The stakes will be high next Wednesday, when the U.S. Supreme Court hears oral arguments in a case that pits plaintiffs alleging seat belt defects against a manufacturer that contends the federal Motor Vehicle Safety Act preempts state law tort claims. (Williamson v. Mazda Motor of Am., Inc., No. 08-1314 (cert. granted May 24, 2010).)
The Court’s holding is likely to set standards for auto defect suits and possibly for other products liability litigation as well.
The National Highway Traffic Safety Administration (NHTSA) promulgates minimum auto safety standards under the act, which includes a “savings clause” that specifies that compliance with a safety standard doesn’t exempt a party from common law liability. At issue is Federal Motor Vehicle Safety Standard (FMVSS) 208, which, in 1993, required lap/shoulder seat belts in most vehicle positions but didn’t mandate them for the center or aisle rear seats in vans.
Thanh Williamson was riding in the second-row aisle seat of a 1993 Mazda minivan when another vehicle struck the van head-on. She died from internal injuries after her body jackknifed over the lap-only seat belt.
Williamson’s family sued Mazda, claiming the manufacturer had a common law duty to install a lap/shoulder belt for the rear aisle seat because the technology was feasible and known to reduce the risk of injury or death to passengers.
A California trial court found that FMVSS 208 preempted the plaintiffs’ state law claims because they impliedly conflicted with the standard’s intent to allow manufacturers to choose which belt to install.
A state appellate court affirmed, relying on Geier v. American Honda Motor Co., in which the Supreme Court—reviewing an earlier provision in the same safety standard—held that the Department of Transportation declined to require air bags because it wanted to give manufacturers a “wide variety” of passive restraint systems to choose from. (529 U.S. 861 (2000).) The court in Williamson said the same reasoning applies to the seat belt provision. (84 Cal. Rptr. 3d 545 (Ct. App. rev. denied Feb. 11, 2009).)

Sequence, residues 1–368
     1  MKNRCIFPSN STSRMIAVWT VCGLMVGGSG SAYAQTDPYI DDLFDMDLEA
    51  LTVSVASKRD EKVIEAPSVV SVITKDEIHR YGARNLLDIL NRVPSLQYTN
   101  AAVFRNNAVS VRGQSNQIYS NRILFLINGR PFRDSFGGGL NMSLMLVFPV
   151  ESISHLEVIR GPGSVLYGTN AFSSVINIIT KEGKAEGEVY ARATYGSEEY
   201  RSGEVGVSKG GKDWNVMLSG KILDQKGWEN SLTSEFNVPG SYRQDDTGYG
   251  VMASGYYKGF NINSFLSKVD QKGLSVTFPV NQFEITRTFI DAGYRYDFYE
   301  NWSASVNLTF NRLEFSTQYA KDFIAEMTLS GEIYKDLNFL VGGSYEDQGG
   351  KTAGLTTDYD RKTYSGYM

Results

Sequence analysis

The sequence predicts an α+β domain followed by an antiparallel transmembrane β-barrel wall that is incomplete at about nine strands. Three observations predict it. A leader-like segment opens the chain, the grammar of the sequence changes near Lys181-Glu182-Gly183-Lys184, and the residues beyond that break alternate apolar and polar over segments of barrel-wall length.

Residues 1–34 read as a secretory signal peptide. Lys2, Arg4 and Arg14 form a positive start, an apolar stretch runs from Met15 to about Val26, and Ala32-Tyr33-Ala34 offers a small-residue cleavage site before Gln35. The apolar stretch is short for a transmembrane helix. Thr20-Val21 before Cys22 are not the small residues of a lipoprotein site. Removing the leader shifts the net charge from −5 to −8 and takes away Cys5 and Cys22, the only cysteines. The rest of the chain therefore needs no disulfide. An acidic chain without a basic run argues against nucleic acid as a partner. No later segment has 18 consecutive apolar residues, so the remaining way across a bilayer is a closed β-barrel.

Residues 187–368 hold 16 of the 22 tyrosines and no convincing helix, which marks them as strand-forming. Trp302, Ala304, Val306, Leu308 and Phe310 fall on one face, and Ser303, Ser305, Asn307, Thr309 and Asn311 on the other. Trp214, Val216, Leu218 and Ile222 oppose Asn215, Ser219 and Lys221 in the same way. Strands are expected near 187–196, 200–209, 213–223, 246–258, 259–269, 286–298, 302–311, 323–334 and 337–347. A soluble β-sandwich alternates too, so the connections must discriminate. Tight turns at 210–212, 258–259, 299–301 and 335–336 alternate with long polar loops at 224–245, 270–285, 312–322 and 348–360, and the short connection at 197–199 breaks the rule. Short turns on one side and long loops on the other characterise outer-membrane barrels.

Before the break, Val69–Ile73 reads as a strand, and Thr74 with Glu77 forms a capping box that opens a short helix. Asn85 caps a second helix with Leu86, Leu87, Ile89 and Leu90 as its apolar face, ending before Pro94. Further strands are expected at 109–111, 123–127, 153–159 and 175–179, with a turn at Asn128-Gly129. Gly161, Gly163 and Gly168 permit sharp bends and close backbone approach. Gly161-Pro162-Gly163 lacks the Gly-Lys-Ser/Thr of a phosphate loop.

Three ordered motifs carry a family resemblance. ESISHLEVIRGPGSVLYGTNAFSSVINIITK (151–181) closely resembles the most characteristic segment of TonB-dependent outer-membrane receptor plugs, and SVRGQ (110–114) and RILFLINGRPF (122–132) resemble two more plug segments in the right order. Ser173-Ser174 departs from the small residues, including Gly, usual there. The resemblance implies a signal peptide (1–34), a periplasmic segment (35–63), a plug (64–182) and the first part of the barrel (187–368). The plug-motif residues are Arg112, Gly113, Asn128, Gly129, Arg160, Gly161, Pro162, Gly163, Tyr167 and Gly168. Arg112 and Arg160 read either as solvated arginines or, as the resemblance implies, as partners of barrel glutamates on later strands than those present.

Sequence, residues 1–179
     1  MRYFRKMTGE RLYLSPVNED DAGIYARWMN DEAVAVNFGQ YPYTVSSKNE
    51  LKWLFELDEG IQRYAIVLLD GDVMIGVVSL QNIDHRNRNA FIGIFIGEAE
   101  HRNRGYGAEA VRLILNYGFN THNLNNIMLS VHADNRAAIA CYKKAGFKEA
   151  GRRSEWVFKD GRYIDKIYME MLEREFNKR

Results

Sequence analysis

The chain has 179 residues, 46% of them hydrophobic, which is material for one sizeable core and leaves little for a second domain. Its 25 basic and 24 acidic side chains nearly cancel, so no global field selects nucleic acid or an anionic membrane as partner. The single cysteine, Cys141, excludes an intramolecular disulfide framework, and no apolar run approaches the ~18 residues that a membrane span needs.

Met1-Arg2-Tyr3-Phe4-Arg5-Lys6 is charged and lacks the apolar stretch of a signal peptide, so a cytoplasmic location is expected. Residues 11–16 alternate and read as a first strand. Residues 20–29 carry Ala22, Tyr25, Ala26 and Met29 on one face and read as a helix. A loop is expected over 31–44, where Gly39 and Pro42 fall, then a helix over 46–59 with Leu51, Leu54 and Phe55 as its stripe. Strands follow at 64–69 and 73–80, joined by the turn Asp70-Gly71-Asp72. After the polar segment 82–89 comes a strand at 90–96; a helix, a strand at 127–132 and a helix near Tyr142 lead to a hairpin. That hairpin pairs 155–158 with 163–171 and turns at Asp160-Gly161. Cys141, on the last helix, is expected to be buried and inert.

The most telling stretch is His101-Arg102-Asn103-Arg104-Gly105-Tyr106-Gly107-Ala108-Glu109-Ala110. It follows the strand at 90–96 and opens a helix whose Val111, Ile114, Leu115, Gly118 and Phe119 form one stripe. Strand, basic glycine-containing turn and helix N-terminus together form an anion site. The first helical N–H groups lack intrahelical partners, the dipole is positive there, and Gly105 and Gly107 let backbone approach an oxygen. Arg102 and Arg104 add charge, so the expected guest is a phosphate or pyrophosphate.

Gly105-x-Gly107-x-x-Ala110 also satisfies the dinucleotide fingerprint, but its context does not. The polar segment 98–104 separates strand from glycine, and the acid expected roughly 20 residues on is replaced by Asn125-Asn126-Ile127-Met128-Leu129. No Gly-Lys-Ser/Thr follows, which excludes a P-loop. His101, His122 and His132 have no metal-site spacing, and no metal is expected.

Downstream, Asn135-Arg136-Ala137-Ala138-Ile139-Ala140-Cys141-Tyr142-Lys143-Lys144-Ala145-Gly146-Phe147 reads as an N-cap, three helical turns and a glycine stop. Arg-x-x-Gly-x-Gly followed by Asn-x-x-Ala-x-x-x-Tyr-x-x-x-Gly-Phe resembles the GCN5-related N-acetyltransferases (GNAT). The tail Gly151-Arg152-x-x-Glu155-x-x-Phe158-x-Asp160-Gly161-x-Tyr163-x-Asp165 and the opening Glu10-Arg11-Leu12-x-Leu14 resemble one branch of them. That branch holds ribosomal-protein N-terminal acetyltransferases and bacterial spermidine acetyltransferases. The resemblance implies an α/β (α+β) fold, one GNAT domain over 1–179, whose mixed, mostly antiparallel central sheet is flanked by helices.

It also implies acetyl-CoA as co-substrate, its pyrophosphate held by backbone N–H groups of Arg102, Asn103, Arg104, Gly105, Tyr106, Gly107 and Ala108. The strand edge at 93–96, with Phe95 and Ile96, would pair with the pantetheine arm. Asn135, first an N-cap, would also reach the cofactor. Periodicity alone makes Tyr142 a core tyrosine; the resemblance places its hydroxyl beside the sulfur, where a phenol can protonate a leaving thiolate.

But the plaintiffs—supported by amicus briefs from numerous consumer and auto safety organizations, including AAJ—disagree. They argue that the regulatory history of the air bag provision specified that it was meant to give manufacturers alternatives, whereas NHTSA explicitly encouraged manufacturers to install lap/shoulder belts in all seating positions. Even if there is such a thing as implied conflict preemption—and AAJ argues that there isn’t—clear evidence of conflict is lacking.
“The lower courts’ broad theory of implied preemption should be repudiated because it would effectively convert the federal safety floor into a liability ceiling and defeat the scheme of cooperative federalism embodied in the Safety Act,” the plaintiffs wrote in their Supreme Court brief.
NHTSA itself agreed with the Williamsons in an amicus brief, saying that a conflict occurs only when a federal regulation both sets out options for compliance and specifically provides that regulated parties are free to choose among them. Although it didn’t require lap/shoulder belts in rear inner seats, NHTSA argued, its policy objectives would have been met if the manufacturers had installed them—unlike in Geier, where its objectives would have been frustrated if states had forced automakers to install air bags.
“The agency’s own understanding of the regulatory framework that it implements and administers is the best evidence that the common law duty on which petitioners rely will not pose an obstacle to the full achievement of those federal purposes and objectives,” NHTSA concluded.
Allison Zieve, one of the lawyers representing the plaintiffs, said that NHTSA’s endorsement could have a big impact.
“I don’t think any of the justices have found an implied conflict where the agency disagreed,” she said. “It would seem odd for an agency to say, ‘It’s not a problem for us,’ and then have the Court saying, ‘Yes, it is.’”
Noting that the decision will affect cases in which regulations arguably give manufacturers a choice from a limited number of options, Jeffrey White, senior amicus counsel for the Washington, D.C.-based Center for Constitutional Litigation, said it could affect other realms as well.
“Implied conflict preemption is raised in many other products liability cases, and a narrow interpretation from the Court would affect them,” he said. “When applied to state tort causes of action, this expansive federal preemption leaves ordinary citizens with no remedy at all for wrongful injuries.”